Movie Picks: Bonjour Tristesse, Tarkovsky, Resnais, NY Indie Fest, Verhoeven, Thai Westerns, Grindhouse + more!
As part of its ongoing Saul Bass mini-tribute, the Skirball Center will screen Bonjour Tristesse, a drama directed by Otto Preminger that stars David Niven as a suave playboy-turned-father and Jean Seberg as his pixie-ish daughter. Their dissolute existence of tromping across Europe from nightclub to cocktail party to casino is upended when Niven falls for the hopelessly upright Deborah Kerr. I also highly recommend the mildly smutty book by Françoise Sagan on which the film was based; translated as "Hello Sadness," the book was written by Sagan when she was only 18 and was an immediate international success upon its release in 1954.
WHEN: Tuesday, February 27 at 1:30 p.m.
WHERE: Skirball Center, 2701 N. Speulveda Blvd. in W. Los Angeles
The Mirror & The Sacrifice
It's a double bill of Andrei Tarkovsky films at the New Beverly. I don’t even know where to begin to describe Tarkovsky's films, so I'll just tell you this story. The first time I saw The Sacrifice years ago (at the Nuart by the way) I sat there for the bulk of the 2.5-hour movie baffled and angry at the director and the incomprehensible movie he had made, but by the end I was weeping. I have returned to see this movie ever since. Made in 1986 in the midst of the Cold War by a Russian filmmaker, The Sacrifice stars Swedish actor (and Bergman regular) Erland Josephson as a journalist and former philosopher who in despair turns to God after World War III breaks out on the night of his birthday. He offers God everything to "take back" the war, which requires a huge sacrifice on his part. If you've never seen a Tarkovsky film, be prepared to see all sorts of iconic images that have been aped in music videos, movies and pop culture. The Mirror is also awesome.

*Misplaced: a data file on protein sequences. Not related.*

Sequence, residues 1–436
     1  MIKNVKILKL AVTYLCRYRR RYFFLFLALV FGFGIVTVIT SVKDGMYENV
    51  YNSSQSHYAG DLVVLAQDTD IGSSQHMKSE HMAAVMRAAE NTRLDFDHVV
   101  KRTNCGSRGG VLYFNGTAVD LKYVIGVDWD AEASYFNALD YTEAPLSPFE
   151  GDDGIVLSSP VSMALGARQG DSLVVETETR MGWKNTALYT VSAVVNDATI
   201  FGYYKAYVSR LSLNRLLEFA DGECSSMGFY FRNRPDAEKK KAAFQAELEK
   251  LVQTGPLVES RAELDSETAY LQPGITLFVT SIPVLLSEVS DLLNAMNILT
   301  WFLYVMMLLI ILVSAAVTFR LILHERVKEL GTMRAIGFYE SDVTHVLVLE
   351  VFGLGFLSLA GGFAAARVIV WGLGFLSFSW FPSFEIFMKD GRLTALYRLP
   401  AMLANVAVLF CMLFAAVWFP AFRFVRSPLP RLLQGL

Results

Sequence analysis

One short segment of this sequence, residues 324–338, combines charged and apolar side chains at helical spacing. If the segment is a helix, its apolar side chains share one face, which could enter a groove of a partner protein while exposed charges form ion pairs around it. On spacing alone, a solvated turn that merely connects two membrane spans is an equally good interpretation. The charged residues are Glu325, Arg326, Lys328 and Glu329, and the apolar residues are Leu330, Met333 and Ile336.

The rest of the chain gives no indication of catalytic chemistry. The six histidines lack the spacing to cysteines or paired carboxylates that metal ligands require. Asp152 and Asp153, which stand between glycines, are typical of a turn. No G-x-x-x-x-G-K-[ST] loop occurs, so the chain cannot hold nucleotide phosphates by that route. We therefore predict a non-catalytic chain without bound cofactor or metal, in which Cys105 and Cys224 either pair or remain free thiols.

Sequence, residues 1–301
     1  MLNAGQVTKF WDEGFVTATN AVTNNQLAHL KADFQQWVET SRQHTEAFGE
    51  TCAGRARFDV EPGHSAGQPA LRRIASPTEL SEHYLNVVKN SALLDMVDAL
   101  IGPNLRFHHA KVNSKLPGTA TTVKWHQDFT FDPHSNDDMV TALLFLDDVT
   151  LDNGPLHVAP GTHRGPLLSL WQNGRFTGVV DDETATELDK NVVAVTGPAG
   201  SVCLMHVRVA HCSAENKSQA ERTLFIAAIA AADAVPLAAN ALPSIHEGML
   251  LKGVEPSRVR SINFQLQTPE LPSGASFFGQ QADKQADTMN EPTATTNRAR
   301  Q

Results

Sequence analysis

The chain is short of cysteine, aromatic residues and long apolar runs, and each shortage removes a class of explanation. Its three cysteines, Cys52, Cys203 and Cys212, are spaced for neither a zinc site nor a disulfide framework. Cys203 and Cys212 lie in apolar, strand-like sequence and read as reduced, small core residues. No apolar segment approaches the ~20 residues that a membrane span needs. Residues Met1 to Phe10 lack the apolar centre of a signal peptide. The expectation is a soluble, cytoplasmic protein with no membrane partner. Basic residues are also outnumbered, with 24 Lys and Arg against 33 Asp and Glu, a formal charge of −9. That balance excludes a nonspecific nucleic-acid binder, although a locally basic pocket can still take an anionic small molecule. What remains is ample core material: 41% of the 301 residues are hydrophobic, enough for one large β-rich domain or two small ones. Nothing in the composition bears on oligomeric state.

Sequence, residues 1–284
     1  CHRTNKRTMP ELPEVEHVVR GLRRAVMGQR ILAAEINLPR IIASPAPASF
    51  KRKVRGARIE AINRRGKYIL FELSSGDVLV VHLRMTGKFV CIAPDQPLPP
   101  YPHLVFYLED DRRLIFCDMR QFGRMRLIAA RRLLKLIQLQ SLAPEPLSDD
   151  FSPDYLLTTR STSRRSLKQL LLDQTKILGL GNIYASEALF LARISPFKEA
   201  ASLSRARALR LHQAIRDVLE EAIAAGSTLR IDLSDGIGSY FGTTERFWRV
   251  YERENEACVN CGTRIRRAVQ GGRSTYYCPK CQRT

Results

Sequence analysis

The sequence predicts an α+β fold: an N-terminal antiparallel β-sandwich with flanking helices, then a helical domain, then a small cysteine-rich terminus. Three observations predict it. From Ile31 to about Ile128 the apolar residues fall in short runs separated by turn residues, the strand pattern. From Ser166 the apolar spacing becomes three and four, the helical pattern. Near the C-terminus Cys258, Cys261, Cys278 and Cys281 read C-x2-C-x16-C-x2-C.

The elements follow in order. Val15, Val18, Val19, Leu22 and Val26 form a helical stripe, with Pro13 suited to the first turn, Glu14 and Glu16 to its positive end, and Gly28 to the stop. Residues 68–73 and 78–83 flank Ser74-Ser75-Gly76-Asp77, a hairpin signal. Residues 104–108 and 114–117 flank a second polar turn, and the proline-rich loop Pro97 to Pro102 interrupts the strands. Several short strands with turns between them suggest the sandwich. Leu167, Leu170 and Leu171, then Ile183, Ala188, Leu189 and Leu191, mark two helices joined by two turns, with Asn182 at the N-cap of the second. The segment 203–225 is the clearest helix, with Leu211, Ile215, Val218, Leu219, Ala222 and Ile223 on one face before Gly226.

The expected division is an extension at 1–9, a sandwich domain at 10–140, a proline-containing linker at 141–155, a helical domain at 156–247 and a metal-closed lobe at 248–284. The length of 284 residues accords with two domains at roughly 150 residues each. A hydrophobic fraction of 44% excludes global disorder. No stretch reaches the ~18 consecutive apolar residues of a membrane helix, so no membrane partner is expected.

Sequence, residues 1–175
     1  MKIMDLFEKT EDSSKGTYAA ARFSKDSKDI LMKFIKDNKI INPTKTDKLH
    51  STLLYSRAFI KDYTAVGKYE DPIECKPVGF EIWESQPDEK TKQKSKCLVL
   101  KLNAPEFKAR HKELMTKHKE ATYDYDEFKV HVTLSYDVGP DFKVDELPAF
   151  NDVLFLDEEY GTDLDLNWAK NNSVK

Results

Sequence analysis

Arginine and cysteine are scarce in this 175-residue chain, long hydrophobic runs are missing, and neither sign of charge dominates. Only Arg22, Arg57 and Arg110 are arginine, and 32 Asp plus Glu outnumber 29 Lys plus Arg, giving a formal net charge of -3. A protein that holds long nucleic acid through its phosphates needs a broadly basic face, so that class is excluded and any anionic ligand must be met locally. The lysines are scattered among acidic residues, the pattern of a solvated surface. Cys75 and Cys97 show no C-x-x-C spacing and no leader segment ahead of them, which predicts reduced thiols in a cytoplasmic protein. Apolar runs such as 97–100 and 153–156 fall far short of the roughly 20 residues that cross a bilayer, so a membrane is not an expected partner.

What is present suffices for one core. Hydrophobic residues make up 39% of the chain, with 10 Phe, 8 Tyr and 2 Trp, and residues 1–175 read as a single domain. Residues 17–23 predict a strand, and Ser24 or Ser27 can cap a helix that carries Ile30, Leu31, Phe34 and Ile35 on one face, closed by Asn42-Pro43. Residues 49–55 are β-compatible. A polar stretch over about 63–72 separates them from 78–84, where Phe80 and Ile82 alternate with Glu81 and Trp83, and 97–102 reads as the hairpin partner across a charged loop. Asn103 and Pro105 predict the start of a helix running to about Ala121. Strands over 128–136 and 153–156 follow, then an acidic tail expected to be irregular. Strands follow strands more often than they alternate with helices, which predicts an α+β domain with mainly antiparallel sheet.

WHEN: Wednesday Feb. 28-Thursday, March 1, at 7:30 & 9:35 p.m.
WHERE: The New Beverly, 7165 Beverly Blvd. (1 block West of La Brea)